WASHINGTON (AP) — As with everything Washington Redskins these days, the draft revolves around Robert Griffin III. RG3 is the reason the Redskins are scheduled to sit out the first day of the draft both this year and next, part of the steep price they paid a year ago to move into position to select the Heisman Trophy winner coming out of Baylor.
WASHINGTON (AP) — As with everything Washington Redskins these days, the draft revolves around Robert Griffin III.
RG3 is the reason the Redskins are scheduled to sit out the first day of the draft both this year and next, part of the steep price they paid a year ago to move into position to select the Heisman Trophy winner coming out of Baylor.
RG3's performance is why the Redskins don't mind. He showed last year that he's well worth the investment, leading the team to its first division title in 13 years and winning league's Offensive Rookie Of The Year award.
Assuming he can stay healthy, that is. While coach Mike Shanahan and the front office brain trust have been reviewing film of the top college players, Griffin has been elsewhere inside Redskins Park rehabilitating from major knee surgery in January. All the updates that he's ahead of schedule are more or less meaningless at this point: Even Shanahan concedes that he won't know the true status of his quarterback's prospects for the regular season until training camp practices begin in late July.
Regardless, the draft is all about building a team around Griffin, one that can peak along with him and contend for an NFL title in short order. The Redskins last year were not a team without flaws, and addressing them in the offseason has been a challenge because of the second half of a $36 million salary cap penalty imposed by the league for the way the team manipulated contracts during the 2010 season.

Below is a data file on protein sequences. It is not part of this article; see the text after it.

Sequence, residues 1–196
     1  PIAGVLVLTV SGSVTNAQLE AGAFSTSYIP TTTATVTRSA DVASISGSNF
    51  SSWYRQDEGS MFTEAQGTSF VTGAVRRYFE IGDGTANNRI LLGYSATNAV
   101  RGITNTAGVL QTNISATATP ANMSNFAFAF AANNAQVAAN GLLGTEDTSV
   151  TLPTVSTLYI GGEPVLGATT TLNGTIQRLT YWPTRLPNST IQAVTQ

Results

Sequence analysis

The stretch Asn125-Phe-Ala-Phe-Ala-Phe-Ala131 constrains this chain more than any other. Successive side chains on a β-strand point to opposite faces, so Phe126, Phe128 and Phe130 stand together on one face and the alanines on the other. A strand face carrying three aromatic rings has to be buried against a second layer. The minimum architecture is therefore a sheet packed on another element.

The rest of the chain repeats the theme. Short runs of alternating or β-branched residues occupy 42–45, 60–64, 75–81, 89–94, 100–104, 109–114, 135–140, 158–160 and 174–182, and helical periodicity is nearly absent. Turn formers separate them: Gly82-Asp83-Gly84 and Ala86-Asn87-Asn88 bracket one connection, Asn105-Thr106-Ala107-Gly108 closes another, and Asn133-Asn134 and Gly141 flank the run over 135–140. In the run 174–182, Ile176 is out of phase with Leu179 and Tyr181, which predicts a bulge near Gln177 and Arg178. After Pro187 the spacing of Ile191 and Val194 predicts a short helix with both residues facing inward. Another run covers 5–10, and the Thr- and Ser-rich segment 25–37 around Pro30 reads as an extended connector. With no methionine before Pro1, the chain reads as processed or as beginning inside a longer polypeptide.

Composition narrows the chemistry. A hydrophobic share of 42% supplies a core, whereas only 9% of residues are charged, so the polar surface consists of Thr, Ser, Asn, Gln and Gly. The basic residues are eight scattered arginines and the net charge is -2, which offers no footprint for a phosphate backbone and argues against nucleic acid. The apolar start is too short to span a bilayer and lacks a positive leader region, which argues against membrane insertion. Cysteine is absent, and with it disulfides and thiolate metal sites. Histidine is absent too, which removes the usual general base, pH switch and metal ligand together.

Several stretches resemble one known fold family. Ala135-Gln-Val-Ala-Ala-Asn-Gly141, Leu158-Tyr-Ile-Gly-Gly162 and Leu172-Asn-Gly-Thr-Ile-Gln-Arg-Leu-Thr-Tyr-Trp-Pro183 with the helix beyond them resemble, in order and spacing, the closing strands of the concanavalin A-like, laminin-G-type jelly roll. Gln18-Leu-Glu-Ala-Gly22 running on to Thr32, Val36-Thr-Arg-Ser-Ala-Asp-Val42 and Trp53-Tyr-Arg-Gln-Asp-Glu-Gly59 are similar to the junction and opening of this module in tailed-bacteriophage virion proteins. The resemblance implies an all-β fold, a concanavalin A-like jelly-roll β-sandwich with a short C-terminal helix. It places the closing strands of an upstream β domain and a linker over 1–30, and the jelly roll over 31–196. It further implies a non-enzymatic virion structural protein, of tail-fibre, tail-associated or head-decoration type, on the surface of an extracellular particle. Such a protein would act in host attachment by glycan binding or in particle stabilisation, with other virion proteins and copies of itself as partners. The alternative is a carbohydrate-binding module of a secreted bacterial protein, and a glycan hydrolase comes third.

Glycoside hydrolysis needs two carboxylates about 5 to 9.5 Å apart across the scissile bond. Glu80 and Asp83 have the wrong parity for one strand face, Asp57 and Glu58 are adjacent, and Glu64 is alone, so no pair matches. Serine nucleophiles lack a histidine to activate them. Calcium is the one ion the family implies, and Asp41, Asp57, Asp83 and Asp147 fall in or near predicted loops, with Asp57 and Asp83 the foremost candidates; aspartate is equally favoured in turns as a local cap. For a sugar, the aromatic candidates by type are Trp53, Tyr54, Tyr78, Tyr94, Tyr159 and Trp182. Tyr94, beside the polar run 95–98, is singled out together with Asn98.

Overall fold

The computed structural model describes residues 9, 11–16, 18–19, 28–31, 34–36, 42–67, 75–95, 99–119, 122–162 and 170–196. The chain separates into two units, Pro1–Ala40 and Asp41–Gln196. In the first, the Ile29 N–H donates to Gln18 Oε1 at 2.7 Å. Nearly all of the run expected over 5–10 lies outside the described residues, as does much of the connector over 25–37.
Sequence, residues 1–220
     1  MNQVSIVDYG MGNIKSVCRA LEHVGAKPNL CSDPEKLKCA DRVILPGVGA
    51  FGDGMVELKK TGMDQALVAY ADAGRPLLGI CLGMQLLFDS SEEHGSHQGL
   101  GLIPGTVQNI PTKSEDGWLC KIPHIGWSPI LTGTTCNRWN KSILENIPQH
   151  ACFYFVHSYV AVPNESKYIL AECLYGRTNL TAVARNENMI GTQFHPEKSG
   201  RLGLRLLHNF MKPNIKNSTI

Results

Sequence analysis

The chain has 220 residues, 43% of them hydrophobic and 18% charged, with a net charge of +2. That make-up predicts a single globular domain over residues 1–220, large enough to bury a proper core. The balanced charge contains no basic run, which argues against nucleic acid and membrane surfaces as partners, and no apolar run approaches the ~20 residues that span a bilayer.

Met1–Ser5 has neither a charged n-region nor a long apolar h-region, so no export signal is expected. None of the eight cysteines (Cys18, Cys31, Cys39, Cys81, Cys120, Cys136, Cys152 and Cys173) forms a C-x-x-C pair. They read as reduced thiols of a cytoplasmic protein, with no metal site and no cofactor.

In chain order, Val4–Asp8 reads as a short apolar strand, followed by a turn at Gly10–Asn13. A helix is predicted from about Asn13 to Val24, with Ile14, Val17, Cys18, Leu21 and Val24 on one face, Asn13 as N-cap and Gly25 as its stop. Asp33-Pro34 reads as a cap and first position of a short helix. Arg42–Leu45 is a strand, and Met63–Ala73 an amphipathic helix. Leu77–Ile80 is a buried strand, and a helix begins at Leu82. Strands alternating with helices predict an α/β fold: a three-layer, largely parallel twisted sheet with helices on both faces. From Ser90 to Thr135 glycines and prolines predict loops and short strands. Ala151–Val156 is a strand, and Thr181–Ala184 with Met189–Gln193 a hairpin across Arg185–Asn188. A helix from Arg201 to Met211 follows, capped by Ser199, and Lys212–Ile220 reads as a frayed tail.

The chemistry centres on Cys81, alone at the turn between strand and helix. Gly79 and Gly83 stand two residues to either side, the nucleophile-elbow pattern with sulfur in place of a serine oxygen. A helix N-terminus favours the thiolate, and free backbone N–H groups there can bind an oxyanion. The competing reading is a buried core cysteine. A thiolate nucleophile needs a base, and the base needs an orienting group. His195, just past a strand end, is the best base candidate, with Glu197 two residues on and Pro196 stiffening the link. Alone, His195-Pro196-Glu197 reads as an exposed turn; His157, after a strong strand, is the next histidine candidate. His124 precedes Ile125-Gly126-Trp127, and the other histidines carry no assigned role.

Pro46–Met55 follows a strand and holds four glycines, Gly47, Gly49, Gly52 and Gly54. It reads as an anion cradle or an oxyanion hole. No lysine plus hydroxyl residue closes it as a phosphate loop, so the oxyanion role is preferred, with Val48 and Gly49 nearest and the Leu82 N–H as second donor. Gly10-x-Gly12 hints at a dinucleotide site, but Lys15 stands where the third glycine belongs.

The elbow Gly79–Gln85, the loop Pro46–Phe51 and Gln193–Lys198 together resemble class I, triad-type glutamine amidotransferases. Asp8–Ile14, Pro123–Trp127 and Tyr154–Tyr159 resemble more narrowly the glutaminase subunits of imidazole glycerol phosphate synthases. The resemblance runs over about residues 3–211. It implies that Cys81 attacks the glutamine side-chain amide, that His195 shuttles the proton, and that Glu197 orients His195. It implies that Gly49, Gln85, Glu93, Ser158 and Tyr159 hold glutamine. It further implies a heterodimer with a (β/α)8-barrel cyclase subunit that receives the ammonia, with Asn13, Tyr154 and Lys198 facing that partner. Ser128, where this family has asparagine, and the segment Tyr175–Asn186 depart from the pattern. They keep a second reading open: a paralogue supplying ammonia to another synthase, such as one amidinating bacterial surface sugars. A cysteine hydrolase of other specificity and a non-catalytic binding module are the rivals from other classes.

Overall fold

As a result, the roster has remained pretty much status quo through free agency. The front office had to restructure contracts and re-sign players at a lower price just to get under the cap, and they are due full credit for their financial wizardry: Pro Bowl special teams player Lorenzo Alexander is the only major contributor from last year's team who has signed elsewhere.
But that leaves the draft as the primary means for upgrading the roster, and that's not as easy to do without a first-round pick. Washington's first selection is set for No. 51 overall in the second round. Unlike last year, when they knew it was virtually certain they would be taking Griffin at No. 2, the Redskins will need some educated guesswork to figure out who will be on the board when it's their turn on Friday.
If they draft solely on need, the Redskins will target a defensive back. The defense ranked 30th against the pass last year. Safety Brandon Meriweather played in only one game, and he's recovering from a torn ACL. Safety Tanard Jackson never played at all because of a suspension for failing a drug test, and the team is awaiting word on a possible reinstatement.
DeAngelo Hall took a pay cut to return, so he and Josh Wilson are again the projected starting cornerbacks. If nothing else, the Redskins would like to add a rookie who can instantly fit in as a nickel back and challenge the two veterans.
Right tackle is also a question. Tyler Polumbus held down the job last season and signed a two-year deal to return. The Redskins also added veterans Tony Pashos and Jeremy Trueblood, both inexpensive and coming off injuries. The door is wide open for a rookie to come in with a genuine shot at taking the job.
But getting three ready-to-start players at safety, cornerback and right tackle in the second, third and fourth rounds would truly be hitting the jackpot, so Shanahan might have to wait another year before he has finished assembling the complete team he has envisioned.
Then again, last year the Redskins waited until the sixth round to take a running back from Florida Atlantic, a team coming off an 1-11 season.
The player's name was Alfred Morris. All he did was rush for 1,613 yards, a franchise record and the second best total in the NFL.
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